The purser said he’d mail this for me if I finish it in time!
I’m on board the space liner now! I am too busy getting everything tucked away to be terribly overwhelmed by the experience, but I am sure that I’ll have plenty of time for that once we get underway. The purser told me that we have a few hours till departure, and agreed to get this note to a mailbox before we leave—if I’m done in time!
I want you to know that I am very proud of myself! The purser does not speak any human languages, so I had to do all that in Thorgelfaynese! I was very nervous about making mistakes, until I noticed his grammar wasn’t too good either. He’s Halakanian, and so Thorgelfaynese is a foreign language for him as well! That really put me at ease. I’m sure you already know what a heady experience it is when you need to speak a foreign language in a pinch, and you pull it off for the first time.
Well, I digress. The space liner is really a surprise! I was expecting modernistic chrome and steel, weird lights and strange sounds; but it didn’t turn out that way at all. It’s kind of cramped, with small rooms and low ceilings (a nuisance for the really tall people among us) and very efficient use of space. Most of the colors are Earth tones (or should I say: Homelander tones?) with delightful splashes of red or green as an accent color. My cabin has a lot of browns, with green pillows and bright artificial flower arrangements. The cream-colored carpeting is delightful, and I even have three large floor pillows!
It’s a lot like being in a miniature ocean liner designed by Frank Lloyd Wright for an obscure and frumpy European country. (I waffle between being impressed and wanting to giggle!) It’s very small, but not cramped, because everything either folds into the wall or does double duty. The sofa is a bed and the easy chair converts into a table! I could entertain about five people in here either by folding everything up and using the sofa, the chair and the floor pillows; or I could convert the chair into a table, get out the folding chairs and host a card game—if I knew any card games, which I don’t!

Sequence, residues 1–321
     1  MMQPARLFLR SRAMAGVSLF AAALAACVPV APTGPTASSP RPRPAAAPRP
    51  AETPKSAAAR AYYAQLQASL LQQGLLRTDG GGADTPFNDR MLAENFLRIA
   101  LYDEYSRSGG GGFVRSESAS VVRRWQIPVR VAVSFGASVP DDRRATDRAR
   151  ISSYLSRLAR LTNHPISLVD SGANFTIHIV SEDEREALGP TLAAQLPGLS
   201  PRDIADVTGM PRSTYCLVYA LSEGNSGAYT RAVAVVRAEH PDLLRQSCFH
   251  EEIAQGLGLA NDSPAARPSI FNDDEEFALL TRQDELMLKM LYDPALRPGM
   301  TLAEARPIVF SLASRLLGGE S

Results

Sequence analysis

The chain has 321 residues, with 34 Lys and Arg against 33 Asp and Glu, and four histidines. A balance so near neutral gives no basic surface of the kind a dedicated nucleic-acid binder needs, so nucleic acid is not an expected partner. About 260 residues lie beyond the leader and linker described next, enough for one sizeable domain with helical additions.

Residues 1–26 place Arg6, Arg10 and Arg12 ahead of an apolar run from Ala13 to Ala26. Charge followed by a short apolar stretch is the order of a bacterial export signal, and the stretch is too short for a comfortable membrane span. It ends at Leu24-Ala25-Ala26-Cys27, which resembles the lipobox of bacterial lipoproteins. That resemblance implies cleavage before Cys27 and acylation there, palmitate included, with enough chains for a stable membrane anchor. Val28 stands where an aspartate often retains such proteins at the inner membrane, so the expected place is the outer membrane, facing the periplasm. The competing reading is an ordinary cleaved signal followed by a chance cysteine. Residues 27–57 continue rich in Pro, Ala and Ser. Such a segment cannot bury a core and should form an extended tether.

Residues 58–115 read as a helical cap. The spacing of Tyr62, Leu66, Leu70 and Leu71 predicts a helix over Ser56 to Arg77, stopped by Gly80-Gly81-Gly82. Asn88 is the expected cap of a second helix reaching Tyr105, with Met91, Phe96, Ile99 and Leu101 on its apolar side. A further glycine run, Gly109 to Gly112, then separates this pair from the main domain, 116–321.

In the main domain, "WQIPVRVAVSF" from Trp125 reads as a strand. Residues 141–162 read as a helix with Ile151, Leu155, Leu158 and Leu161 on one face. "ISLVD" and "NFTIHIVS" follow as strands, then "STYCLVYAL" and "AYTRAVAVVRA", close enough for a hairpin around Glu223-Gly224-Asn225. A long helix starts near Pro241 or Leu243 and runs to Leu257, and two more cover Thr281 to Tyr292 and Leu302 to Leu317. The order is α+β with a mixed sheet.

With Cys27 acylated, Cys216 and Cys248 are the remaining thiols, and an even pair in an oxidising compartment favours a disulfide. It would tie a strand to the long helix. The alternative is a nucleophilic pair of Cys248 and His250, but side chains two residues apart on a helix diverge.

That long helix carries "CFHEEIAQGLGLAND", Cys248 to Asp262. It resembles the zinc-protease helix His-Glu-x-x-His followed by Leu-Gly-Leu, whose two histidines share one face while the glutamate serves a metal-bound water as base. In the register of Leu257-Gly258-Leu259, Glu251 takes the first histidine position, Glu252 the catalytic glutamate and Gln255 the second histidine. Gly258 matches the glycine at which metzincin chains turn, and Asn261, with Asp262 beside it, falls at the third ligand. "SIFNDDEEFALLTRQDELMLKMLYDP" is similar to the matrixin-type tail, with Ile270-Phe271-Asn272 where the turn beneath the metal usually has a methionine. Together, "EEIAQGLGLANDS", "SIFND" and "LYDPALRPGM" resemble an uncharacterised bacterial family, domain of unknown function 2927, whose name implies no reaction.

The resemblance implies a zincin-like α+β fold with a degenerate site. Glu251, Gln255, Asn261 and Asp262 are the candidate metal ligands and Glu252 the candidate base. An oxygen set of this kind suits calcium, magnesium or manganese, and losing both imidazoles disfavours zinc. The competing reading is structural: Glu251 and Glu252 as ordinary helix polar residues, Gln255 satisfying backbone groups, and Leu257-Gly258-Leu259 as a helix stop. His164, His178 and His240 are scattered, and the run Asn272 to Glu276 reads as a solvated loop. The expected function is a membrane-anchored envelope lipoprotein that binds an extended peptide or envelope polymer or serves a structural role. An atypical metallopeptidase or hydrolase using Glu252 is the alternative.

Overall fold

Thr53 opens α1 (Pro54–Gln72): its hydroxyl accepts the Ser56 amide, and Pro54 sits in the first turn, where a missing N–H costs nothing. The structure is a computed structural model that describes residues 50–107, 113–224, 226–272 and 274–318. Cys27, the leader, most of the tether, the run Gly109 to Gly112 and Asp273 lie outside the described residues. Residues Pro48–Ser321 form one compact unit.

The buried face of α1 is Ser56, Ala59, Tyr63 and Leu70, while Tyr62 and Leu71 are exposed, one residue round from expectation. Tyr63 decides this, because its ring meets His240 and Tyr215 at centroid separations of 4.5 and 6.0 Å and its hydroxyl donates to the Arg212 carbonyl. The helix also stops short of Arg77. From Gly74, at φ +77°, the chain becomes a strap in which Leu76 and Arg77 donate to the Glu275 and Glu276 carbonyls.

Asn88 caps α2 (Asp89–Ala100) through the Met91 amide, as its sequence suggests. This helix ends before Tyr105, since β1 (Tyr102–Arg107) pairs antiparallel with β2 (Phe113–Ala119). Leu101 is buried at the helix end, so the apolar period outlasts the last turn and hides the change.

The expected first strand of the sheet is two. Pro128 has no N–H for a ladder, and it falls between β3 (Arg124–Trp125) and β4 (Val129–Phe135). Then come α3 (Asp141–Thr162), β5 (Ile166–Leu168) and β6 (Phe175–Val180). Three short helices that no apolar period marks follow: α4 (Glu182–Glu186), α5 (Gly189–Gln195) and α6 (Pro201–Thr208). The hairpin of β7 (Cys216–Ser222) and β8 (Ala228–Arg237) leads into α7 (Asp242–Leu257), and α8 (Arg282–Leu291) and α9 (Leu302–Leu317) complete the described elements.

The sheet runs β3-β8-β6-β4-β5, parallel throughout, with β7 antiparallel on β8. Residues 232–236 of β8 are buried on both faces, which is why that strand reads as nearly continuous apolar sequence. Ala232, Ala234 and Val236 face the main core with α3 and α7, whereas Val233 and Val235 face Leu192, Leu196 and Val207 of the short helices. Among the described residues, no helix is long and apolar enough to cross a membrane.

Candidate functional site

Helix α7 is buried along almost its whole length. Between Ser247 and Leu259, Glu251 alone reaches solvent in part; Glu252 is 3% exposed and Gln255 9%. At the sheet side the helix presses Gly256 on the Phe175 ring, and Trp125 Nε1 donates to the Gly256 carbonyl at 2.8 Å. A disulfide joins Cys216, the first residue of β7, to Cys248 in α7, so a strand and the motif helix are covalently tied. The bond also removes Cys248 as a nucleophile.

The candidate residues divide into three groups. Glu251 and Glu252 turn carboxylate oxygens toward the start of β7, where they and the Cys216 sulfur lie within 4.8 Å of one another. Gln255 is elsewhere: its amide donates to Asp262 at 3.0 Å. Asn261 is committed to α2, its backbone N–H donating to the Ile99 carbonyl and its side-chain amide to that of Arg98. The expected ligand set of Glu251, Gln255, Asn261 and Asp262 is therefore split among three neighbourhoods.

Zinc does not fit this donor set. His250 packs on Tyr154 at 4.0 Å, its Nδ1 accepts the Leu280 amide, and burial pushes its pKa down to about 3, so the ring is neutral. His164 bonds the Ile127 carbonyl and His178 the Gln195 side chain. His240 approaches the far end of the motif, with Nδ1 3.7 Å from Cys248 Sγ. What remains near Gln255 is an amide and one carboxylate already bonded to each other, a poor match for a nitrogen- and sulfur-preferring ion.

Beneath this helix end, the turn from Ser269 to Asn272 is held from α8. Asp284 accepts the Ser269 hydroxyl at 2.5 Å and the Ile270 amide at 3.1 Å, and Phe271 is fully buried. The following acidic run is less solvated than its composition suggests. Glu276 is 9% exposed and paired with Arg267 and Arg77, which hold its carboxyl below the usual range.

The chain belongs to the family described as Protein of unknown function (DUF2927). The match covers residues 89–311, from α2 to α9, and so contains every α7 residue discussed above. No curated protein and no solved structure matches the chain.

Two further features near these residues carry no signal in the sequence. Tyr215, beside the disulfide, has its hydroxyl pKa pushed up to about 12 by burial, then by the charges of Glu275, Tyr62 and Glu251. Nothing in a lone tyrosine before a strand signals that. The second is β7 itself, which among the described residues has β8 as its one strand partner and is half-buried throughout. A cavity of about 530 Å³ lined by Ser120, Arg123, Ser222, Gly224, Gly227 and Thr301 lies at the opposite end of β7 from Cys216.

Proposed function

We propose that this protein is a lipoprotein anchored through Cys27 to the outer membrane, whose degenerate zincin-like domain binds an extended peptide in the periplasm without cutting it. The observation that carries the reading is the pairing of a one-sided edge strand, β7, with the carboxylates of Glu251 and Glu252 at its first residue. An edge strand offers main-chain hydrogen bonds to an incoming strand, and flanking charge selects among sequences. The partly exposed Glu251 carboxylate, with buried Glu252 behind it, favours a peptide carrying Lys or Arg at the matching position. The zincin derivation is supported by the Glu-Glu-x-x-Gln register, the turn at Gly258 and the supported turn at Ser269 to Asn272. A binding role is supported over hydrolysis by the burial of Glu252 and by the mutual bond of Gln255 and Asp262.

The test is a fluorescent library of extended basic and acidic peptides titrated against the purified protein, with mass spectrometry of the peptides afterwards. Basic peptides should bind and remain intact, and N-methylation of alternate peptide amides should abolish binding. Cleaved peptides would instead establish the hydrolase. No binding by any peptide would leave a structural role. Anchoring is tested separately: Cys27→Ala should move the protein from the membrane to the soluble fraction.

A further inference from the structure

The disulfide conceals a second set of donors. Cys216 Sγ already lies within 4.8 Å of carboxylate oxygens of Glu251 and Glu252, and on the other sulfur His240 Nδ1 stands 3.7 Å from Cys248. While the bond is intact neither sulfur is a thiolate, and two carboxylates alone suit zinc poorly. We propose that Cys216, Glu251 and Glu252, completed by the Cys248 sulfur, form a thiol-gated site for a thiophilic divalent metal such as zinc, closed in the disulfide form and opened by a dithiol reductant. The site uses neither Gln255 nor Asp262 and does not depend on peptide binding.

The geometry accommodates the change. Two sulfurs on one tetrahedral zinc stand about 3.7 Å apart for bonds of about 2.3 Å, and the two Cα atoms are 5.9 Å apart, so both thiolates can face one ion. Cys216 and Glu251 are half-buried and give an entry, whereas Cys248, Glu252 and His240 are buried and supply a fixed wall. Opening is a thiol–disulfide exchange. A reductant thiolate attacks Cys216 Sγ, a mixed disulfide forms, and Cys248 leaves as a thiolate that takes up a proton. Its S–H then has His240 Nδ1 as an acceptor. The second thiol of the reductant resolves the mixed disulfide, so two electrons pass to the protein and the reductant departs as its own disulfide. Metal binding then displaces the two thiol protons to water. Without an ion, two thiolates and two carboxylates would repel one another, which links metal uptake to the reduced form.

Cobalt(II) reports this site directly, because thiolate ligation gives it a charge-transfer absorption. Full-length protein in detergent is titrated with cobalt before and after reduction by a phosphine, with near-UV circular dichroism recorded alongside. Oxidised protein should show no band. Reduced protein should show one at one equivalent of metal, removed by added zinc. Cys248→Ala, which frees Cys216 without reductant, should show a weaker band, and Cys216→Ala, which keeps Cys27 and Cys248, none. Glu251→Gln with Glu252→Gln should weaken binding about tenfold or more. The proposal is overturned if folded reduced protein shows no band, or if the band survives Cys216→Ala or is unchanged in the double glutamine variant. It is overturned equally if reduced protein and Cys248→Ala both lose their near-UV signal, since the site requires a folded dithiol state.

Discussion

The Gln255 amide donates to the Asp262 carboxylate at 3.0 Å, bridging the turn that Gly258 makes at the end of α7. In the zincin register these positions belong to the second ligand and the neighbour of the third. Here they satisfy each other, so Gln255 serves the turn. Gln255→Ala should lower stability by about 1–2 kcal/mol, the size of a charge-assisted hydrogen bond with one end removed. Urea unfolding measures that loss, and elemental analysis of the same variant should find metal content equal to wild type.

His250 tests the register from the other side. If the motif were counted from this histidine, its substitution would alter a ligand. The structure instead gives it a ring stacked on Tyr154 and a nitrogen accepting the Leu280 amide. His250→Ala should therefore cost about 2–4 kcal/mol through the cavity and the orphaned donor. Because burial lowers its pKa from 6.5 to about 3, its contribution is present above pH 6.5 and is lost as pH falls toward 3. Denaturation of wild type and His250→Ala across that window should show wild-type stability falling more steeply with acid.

No, there aren’t any windows, but I have a television screen in my cabin. I don’t know how to use it yet.
Now about our itinerary. We leave the Moon in about two and a quarter hours, according to my watch. Four minutes before take off, all passengers must strap themselves into a reclining position, where we must remain for about thirty-two minutes until the crew announces that we can move around freely. At that point we have an eight-hour enforced relaxation period, during which we are not permitted to leave our cabins. The purpose of the eight-hour enforced relaxation is to begin adjusting our biological clocks and to acclimatize ourselves to space flight. I’ve brought a long some reading material (in Thorgelfaynese, of course!) for that. After that, it’s just like an ocean cruise! We will be maintaining a Homelander-style clock and calendar, with occasional adjustments so that everything comes out even in the end.
I’ve signed up for dancing lessons, a discussion group for people who speak Thorgelfaynese as an Additional Language, and the bowling league. It isn’t quite the same as bowling at home, but close enough. So I’ll be busy. It will be very interesting to see where they find the room for all this stuff!
We only have four days or so of subjective time (I don’t know what it means, I just report the facts) until we reach the Alpha Centauri Transfer Point. Then we will have an objective day lay-over until we board another ship, which is a full-fledged, regularly-scheduled space liner. We’ll be joining the Zerpick-to-Homeland flight in mid-journey.
They say that the layover will be very boring, because the Alpha Centauri system is uninhabited. The transfer point was located there strictly for navigational reasons, and if I understand correctly, the construction work led to the discovery of humanity. Alpha Centauri is four light-years away, and our four-year-old radio and television broadcasts caused some unexpected interference. It’s as if someone built a super highway through a convenient mountain pass and then discovered a primitive tribe which happened to be living in the jungle nearby.
I was a little depressed that the human race would have gone undiscovered, unknown, and unappreciated if it hadn’t been for malfunctioning radio equipment; but I was told that all discoveries of one civilization by another have been by accident. The only exception was when the Zerpickers discovered the Chern-Homeland Cultural Interchange in a deliberate search sponsored by a Zerpicker country which no longer exists.
I have to wind this up quickly! The purser is here and he says that he has to have my letter now if I want it mailed.
Drop you a note from the Alpha Centauri Transfer Point!
PS: That’s the Thorgelfaynese way of ending a letter, it means: ‘In the bond of friendship, from your Melissa.’